Several Danish modernist silversmiths started their careers at Hans Hansen - Bent Knudsen, Eigil Jensen (who went on to work for Anton Michelsen) and Allan Scharff who progressed to Georg Jensen. One of Scharff's most famous designs, sold as 'Alliance' by Georg Jensen, was designed during his time with Hans Hansen. The company was taken over by the Royal Scandinavia Group in 1991 and incorporated into Georg Jensen.
The company Bernhard Hertz was established in 1858 in Copenhagen, nearly 50 years before Georg Jensen. They designed and produced silver jewellery in all major stylistic eras. They were leaders in the field of 'Skønvirke' (Art Nouveau) in the early 20th century. They were taken over by Lund in 2007.
Large and renowned Danish silversmith, whose initials W&SS stand for founders, Brødrene W & S Sørensen of Horsens. Sold to Cohr in 1984, it has since been incorporated into the Gense cutlery company.
Jacob Hull sold his work in Illums Bolighus, the flagship retail outlet for Danish Design, in the 1970s. Hull created one-off pieces of jewellery in solid silver and silver-plated pieces, many of which were created for Buch + Deichmann.
See Georg Jensen article
There are three Danish makers listed who used the initials H.J and were all called Hans Jensen & Co.
Arne Johansen qualified as a silversmith in 1951 and started his workshop in Roskilde in 1954. His whole family became involved in the production and sale of his master of his modernist designs until 1993.
Knudsen, Bent & Anni
Bent Knudsen (1924-1997) trained at Carl Cohr then worked for Hans Hansen. He opened his own workshop in 1956 with his wife Anni. Their creations were always marked Bent K. Production of silver items was phased out during the 1970s.
For Henning Koppel, see Georg Jensen article
Lynggaard , Ole
Established in 1963 in Hellerup, it is still a family business with Lynggaard's daughter Charlotte assisting her father as designer and goldsmith. His son is the managing director, and his son-in-law is commercial director.
For Arno Malinowski, see Georg Jensen article
Meka Reklamegaver operated in Holte, north of Copenhagen, from 1951 to 1989, prodicing included enamelware (spoons etc) as well as jewellery.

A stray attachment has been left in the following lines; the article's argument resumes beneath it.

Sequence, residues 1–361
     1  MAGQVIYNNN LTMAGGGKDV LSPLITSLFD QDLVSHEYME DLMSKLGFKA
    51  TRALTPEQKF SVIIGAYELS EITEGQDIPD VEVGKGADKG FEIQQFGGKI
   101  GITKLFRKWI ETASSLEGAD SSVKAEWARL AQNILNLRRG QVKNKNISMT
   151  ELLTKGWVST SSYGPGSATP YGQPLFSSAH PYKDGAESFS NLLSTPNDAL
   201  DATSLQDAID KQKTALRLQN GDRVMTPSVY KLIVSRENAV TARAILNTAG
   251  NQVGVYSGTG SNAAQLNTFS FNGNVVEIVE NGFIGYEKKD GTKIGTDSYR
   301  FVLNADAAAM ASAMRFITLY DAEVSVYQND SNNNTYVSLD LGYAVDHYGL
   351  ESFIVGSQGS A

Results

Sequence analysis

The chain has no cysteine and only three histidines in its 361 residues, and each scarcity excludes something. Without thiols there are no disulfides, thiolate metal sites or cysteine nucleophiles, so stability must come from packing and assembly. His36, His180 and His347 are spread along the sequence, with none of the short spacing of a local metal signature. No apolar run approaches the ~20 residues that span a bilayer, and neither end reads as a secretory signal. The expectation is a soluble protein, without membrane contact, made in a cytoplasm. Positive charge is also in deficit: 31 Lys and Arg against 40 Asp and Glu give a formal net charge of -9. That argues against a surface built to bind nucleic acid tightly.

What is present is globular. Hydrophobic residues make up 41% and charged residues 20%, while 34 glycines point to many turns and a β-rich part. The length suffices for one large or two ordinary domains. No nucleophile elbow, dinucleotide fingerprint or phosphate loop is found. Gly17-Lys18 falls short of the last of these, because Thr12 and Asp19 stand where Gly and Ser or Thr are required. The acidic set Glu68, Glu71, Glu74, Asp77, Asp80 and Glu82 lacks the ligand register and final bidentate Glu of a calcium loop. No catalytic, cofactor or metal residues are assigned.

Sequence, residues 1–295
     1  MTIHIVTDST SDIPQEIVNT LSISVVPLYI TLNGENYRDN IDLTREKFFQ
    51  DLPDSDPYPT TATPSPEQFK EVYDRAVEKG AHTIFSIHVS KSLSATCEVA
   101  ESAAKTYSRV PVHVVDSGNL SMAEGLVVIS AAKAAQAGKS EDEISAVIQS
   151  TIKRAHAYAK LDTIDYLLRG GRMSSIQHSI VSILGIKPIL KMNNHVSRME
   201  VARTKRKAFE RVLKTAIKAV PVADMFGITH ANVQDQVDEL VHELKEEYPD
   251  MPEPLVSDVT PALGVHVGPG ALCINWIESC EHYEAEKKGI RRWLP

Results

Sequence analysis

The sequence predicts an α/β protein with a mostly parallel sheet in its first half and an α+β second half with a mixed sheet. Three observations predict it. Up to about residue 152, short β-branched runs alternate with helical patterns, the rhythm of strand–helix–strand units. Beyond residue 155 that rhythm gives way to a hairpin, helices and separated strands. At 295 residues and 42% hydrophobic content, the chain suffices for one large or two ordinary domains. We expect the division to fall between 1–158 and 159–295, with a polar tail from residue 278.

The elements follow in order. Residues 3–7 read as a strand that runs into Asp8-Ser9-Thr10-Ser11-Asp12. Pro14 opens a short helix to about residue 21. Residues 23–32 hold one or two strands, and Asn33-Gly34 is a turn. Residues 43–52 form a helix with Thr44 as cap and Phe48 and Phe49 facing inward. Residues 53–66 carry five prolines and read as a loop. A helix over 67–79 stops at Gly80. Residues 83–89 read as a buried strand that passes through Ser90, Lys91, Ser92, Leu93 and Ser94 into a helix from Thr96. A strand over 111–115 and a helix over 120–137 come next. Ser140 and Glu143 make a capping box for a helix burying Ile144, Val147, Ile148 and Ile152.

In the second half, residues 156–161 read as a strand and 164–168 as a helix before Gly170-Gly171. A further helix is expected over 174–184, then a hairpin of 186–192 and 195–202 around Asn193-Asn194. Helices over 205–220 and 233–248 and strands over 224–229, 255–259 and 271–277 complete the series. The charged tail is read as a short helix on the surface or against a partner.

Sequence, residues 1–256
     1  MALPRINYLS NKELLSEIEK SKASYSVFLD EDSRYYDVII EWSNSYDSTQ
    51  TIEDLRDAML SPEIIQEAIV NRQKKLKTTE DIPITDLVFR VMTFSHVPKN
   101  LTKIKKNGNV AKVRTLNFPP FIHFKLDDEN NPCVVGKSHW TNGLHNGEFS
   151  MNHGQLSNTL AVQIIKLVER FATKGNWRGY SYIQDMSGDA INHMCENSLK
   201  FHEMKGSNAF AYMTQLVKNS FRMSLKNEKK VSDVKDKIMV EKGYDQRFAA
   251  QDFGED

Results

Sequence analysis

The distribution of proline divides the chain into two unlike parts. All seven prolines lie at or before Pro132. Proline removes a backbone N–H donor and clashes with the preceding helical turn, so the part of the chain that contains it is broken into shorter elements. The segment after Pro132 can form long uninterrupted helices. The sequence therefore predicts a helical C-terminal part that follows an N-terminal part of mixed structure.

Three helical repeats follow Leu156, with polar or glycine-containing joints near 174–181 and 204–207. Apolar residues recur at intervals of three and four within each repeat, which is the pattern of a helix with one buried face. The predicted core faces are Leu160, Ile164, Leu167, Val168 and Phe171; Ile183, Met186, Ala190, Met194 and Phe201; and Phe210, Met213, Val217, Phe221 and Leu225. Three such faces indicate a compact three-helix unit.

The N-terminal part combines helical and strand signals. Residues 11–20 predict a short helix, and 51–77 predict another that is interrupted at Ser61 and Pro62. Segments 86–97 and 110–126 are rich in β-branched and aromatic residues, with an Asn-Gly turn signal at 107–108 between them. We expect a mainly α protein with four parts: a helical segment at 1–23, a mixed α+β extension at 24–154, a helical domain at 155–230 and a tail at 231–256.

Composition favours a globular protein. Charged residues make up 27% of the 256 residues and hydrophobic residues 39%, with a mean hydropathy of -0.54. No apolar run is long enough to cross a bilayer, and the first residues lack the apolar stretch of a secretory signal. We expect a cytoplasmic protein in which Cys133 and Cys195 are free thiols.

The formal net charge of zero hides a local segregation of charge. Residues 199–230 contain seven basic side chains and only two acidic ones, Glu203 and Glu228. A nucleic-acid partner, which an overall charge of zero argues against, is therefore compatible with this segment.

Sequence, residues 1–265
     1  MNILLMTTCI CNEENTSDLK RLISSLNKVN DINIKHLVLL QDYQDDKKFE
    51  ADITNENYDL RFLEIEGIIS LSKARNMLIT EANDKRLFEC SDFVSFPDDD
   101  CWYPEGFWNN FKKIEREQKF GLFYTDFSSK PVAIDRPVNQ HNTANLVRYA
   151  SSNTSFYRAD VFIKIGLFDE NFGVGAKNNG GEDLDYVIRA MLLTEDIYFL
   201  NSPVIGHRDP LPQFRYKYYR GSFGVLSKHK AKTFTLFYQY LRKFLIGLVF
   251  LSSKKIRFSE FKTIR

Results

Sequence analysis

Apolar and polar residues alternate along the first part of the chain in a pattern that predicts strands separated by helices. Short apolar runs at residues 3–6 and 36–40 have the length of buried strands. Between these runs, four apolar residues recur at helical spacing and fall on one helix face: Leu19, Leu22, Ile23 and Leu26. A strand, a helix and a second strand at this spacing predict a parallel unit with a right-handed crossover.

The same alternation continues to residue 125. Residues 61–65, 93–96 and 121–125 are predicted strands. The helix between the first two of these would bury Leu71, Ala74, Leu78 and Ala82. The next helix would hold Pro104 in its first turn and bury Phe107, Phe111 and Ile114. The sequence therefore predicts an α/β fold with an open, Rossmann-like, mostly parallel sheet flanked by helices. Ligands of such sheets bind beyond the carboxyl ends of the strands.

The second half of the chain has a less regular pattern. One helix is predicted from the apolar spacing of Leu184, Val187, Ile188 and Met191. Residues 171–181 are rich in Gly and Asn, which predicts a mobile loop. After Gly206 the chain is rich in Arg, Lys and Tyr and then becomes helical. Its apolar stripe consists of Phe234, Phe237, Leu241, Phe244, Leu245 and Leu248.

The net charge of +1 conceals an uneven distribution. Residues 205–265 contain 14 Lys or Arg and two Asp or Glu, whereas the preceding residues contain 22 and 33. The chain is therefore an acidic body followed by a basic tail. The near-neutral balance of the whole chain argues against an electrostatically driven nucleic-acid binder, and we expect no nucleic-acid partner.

The Anton Michelsen works were founded in 1841. Georg Jensen was apprenticed to Anton Michelsen in the 1890s, not the other way round! Michelsen set up a subsidiary in Sweden during WW II and for some time after. MIC was the maker's mark used for items produced in Sweden. This mark is often seen on Gertrud Engel designs of the 1950s, although they were also made in Denmark. In Sweden, they also cooperated with the Swedish company Borgila. Since the 1950s, Anton Michelsen has acknowledged its designers by stamping their signatures on each piece. Designers of the mid and late 20th century include Karen Strand, Gertrud Engel, Eigil Jensen, Nanna & Jørgen Ditzel, Knud V Andersen and Jens Windfeld Hansen. The business was purchased by the Royal Porcelain Manufactory in 1968 (Royal Copenhagen). Royal Copenhagen subsequently purchased Georg Jensen. Michelsen was merged with Jensen, and today only the annual forks and spoons bear the Michelsen name.
Andreas Mikkelsen joined Georg Jensen in 1955 and ended up managing director. He collaborated with the silversmith Ove Wendt between 1970 and 1978. In the late 1980s, he started designing jewellery and other gifts for the Georg Jensen.
Brother of Georg Jensen’s third wife Johanne, Harald Nielsen joined the firm in 1909, aged 17. He helped to establish the Jensen style and the firm’s tradition for outstanding quality.
Henry Pilstrup was Georg Jensen’s first apprentice. He produced many designs in silver and gold for the company whilst he was foreman of the jewellery workshop. His first major design for a necklace (no.4) was purchased by the Art and Industry Museum in Copenhagen in1909.
Started in early 1985 in Aarhus. Pia Rauff now makes bespoke jewellery, paints and sculpts and teaches.
Herman Siersbol opened his silver workshop in April 1945. He created affordable quality jewellery in modern designs and the company is one of the largest gold and silver works in Scandinavia. Herman Siersbol died in a tragic accident in 1964 and the company was taken over by his four children. His son Henrik Siersbol is now the sole owner and runs the company with his daughter Camilla.
The silverware factory has existed since 1853. It still produces an extensive range of wedding rings as well as silver jewellery. The senior designer is Troels Tvenstrup, who is the fifth generation of his family to work for the company.
Torun, Vivianna Torun Bülow-Hübe
See Georg Jensen article
Poul Warmind was a modernist who worked in Kirke Såby near Roskilde from 1963 to 1983. Well known for his technique of matt enamelling. He also produced modernist pieces in gold and pewter.
Carl Ove Frydensberg silver heart-shaped Brooch with inset Viking ship
Bent Gabrielsen for Georg Jensen Modernist silver ‘Peak’ necklace
Signed Hans Hansen spoon 1934
Bernhard Hertz vintage silver bracelet with blue guilloche enamel
Henning Koppel necklace for Georg Jensen no.273
Anton Michelsen silver and blue enamel brooch
Herman Siersbol modernist Danish silver brooch c.1948
Herman Siersbol necklace with pink stones set in silver